From behind, the Desire 816's glossy plastic and rounded edges are reminiscent of the Apple iPhone 5c, while the front resembles HTC's One line with embedded BoomSound speakers on the top and bottom. It's not poorly built or cheap feeling by any means, but the all-plastic build lacks that same luxurious quality of HTC's beautiful aluminum unibody devices.

Size is a given, but the Desire 816 is pleasantly slim and light at 6.17 by 3.1 by 0.31 inches (HWD) and 5.82 ounces. The rounded, matte plastic edges feel comfortable to hold, but this is definitely a palm stretcher and pocket buster. Volume and Power buttons are on the left edge and far too high up—I had to adjust my grip and awkwardly stretch my middle finger or thumb to reach any of the buttons. HTC doesn't include the useful tap-to-wake gestures found on the One line, either, making it more of a nuisance.

The 5.5-inch, 720p LCD won't win any sharpness awards, but this is clearly a high-quality panel that will look good enough for most at 267ppi. The screen has a near-180-degree viewing angle, gets bright enough for outdoor use, and reproduces natural-looking colors. The BoomSound speakers aren't quite as loud as those on the One (M8), but they're still a big upgrade from typical smartphone speakers, especially in this price range. The speakers coupled with the expansive display make for one of the most enjoyable mobile media experiences since the HTC One Max.

The Desire 816 connects to Sprint's 3G CDMA network and 4G LTE network, including the faster tri-band Spark frequencies. In midtown Manhattan, I saw download speeds of 6-10Mbps and upload speeds of 5-8Mbps, which is on the slow side for LTE, but not unbearable. Call quality was about average in my tests, with strong performance from the earpiece, but weak transmissions through the mic. Voices came through the earpiece loud and clear with volume to spare, while my voice sounded muted and garbled at times. Noise cancellation worked well in my tests, but at the expense of voice quality—in louder environments, transmissions through the mic sounded overly digitized.

Also onboard are dual-band 802.11b/g/n Wi-Fi, Bluetooth 4.0, GPS, and NFC radios. The Desire 816 easily paired with an Era by Jawbone Bluetooth headset.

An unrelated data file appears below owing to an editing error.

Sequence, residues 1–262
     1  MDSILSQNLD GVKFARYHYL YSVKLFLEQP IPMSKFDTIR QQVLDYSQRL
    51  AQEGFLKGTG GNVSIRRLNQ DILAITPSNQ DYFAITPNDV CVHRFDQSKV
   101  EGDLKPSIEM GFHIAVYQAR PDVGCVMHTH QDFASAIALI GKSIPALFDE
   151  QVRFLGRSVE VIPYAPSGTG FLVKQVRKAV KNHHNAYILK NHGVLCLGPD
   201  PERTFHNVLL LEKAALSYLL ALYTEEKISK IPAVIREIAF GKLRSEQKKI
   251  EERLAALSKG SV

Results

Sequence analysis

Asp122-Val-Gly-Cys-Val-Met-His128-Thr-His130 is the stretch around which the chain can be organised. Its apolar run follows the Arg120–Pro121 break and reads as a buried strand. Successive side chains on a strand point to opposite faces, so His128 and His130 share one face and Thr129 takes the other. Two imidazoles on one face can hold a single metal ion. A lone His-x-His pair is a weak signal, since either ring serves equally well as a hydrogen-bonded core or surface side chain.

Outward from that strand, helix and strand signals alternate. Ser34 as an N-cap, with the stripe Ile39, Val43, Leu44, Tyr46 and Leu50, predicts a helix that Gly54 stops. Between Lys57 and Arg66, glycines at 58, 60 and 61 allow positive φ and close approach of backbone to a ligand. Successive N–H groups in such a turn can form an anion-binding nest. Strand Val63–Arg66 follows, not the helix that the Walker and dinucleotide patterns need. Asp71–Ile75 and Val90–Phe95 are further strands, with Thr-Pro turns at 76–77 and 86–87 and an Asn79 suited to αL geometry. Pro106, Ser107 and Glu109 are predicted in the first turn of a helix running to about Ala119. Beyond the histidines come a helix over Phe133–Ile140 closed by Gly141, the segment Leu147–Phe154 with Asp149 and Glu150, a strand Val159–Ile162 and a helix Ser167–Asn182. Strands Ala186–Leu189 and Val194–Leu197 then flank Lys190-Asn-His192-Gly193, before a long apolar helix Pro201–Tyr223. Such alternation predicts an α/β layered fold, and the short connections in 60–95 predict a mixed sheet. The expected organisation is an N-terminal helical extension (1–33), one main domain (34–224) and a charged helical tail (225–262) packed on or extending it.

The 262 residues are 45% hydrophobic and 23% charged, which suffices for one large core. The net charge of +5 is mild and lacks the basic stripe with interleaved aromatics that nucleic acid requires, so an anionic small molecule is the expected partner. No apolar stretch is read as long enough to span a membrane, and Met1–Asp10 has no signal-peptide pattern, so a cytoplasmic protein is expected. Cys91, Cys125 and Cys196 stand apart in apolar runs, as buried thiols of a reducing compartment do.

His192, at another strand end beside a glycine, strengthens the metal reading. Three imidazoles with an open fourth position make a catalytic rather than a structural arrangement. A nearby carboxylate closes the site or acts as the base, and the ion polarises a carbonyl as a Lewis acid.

Performance and Android
The Desire 816 is powered by a quad-core, 1.6GHz Qualcomm Snapdragon 400 with 1.5GB RAM. It's a setup we're all too familiar with at this point—it's featured in a whole slew of budget-friendly devices like the Motorola Moto G and Huawei Ascend Mate2. Just about everything runs smoothly, with the exception of more graphically taxing games like Asphalt 8, which is playable, but prone to jerkiness. For everyday tasks like Web browsing, media playback, or casual games like Temple Run, the Desire 816 has more than enough power.

Related Story See How We Test Cell Phones

HTC's Sense 6 skin runs atop Android 4.4.2 and functions nearly identically to what we've seen on the One (M8). That means BlinkFeed, Zoe, and HTC's custom camera, gallery, and music apps. HTC has done a nice job refining the once-bloated Sense, offloading features to the Google Play store and keeping things lean for smooth performance on midrange phones like the Desire 816. It pays off, but it would have been nice to have a multitasking feature like LG's QSlide or Samsung's Multi Window to take advantage of the extra screen real estate.

Of the 8GB of internal storage, only 3.76GB is available to users out of the box. Our 64GB microSD card worked fine for media, but with apps exceeding the 1GB mark, that paltry internal storage will fill up quickly.

We couldn't perform our usual continuous talk time battery rundown test, but in a separate test, which loops a video with screen brightness set to max and Wi-Fi on, the Desire 816 lasted 7 hours, 34 minutes. That's a positive result that bodes well for Netflix bingers who want to take advantage of the big screen and loud speakers here.

Cameras and Conclusions
Equipped with a 13-megapixel, rear-facing camera, the Desire 816 is capable of producing some really nice images. Outdoors and in good light, shots look incredibly crisp and full of detail. I much prefer the extra pixels here as opposed to HTC's UltraPixel sensor used on the M8—with the Desire 816, you have a lot of room for cropping after the fact. Image quality doesn't suffer much under indoor lighting either, which is impressive. Some grain and softer details are noticeable, but totally fine for online uploads. Video resolution tops out at 1080p, but frame rates can get a bit jerky in low-light scenarios, while footage itself can be overly grainy. Outdoors and in good light, video looks sharp and true to life.

On Virgin Mobile, the HTC Desire 816 is the best big phone for small budgets. Voracious media consumers will appreciate the expansive display and loud speakers, while performance is in line with the price. And $300 for this much phone is a fantastic deal. If you're looking for something smaller, the Virgin Mobile Supreme has a more manageable 5-inch display and still represents good value at $300, while the even smaller HTC Desire features the same front-facing speaker setup as its larger sibling. For phablet fans on Virgin Mobile, though, the Desire 816 is a top pick and earns our Editors' Choice award.